Constellation by Adrien Bosc is a novel centering on Air France Constellation BAZN flying on the night and morning of October 27 and 28, 1949. Bosc is a French writer and editor. The French edition of Constellation won the Grand Prize novel by the French Academy in 2014, Literary Award for Vocation 2014, and the Price Gironde News Scriptures 2014. The Constellation referred to in the title was Lockheed L-749A airliner. It was four engine propeller driven aircraft. It started regular service in 1947 and was still used by TWA until 1967. The aircraft line was finally retired in 1993.
Without knowing this was a novel the reader could easily think he or she was reading a detailed researched account of a fatal air crash. BAZN was scheduled to fly from Paris-Orly Airport, France to New York City, with a stopover at Santa Maria Airport, Azores. By 1949, transatlantic flights were routine and Air France was coming up on its 2,000 non-stop crossing. There was nothing out of the ordinary about the fatal flight on October 27 except the changing of the refueling stops from Shannon, Ireland to Santa Maria in the Azores because of weather. The pilot had over 60,000 flight hours including eighty-eight ocean crossings. His crew consisted mostly of former combat pilots. This was an experienced crew flying a plane with proven safety record.
Bosc weaves a story together alternating strands of the flight, search, and repatriation and the passengers. Of the forty-seven passengers, eleven were crew. The remainder included a Middle Weight Champion, a French violinist and her brother, a Walt Disney director, an artist, a Montreal newspaper editor, and five Basque shepherds coming to work ranches in America. The story of the flight is broken down into sections and brief biographies of the passengers are used to separate the flight and recovery. Even in a grim story, Bosc puts together some almost poetic passages:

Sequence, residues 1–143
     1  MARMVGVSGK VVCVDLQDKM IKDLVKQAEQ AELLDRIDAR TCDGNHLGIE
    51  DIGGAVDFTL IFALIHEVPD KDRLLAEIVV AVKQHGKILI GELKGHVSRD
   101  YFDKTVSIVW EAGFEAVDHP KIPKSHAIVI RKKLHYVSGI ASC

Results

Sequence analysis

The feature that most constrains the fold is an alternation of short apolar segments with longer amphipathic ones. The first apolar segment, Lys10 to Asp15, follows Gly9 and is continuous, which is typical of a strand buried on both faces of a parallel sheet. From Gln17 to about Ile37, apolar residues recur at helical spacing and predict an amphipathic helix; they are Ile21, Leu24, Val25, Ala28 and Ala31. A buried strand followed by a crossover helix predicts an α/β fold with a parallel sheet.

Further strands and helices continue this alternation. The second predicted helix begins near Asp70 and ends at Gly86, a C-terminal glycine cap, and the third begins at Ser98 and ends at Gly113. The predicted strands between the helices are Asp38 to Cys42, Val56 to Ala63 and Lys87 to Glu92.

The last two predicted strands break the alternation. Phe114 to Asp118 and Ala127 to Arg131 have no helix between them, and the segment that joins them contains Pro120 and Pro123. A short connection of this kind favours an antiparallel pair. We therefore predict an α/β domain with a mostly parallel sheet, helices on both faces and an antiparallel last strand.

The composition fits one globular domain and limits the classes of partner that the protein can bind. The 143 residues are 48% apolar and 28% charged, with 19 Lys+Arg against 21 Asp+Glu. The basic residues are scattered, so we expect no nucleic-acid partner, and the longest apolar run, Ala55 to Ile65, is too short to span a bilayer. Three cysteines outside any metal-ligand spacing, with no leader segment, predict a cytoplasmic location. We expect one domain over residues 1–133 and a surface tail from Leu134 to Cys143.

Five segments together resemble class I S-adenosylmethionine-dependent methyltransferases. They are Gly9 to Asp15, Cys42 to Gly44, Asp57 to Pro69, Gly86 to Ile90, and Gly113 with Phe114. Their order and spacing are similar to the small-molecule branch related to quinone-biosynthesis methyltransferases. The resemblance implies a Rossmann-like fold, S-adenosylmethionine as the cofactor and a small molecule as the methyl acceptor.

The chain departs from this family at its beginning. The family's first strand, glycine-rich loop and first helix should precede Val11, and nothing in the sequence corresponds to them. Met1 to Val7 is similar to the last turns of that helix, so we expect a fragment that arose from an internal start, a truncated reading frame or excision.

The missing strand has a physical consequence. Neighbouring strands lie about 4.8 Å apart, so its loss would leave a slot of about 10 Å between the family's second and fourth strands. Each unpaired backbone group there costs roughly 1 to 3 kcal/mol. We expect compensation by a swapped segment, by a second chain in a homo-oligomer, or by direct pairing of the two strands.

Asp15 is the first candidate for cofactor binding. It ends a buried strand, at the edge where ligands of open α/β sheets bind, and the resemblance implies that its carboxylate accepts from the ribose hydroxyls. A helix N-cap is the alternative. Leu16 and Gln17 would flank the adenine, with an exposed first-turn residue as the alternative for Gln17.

…Atlantic. Reflected in the infinite puddle are the Big and Little Dippers, Orion, and Scorpio.
I have always been a fan of aviation stories most of them, however, not as tragic as this story. From an early age, stories of WWI pilots to specifications of commercial planes always interested me. The story of the flight is well done and the biographies add the human touch to the book. What confused me while reading the book was what to take as factual and what was made up by the author. The flight information seems to line up with the actual events. The passengers are all correctly identified. The question is where does reality stop and fiction begin. There are no citations through the book and reads like narrative non-fiction except that the author is entirely too young to be a witness to any of these events. I am left to assume that the book is more in the style of writing rather than the more cut and dry American style. The literary term is “faction” or nonfiction novel. The style was popular in the United States earlier with notable works such as Alex Haley’s Roots and Truman Capote’s In Cold Blood. The problem for some, like me, lies in what is true and what is fiction. For others looking for something interesting to read without the urge to fact check, this is an excellent novel of tragedy and the human connection to the fallibility of technology.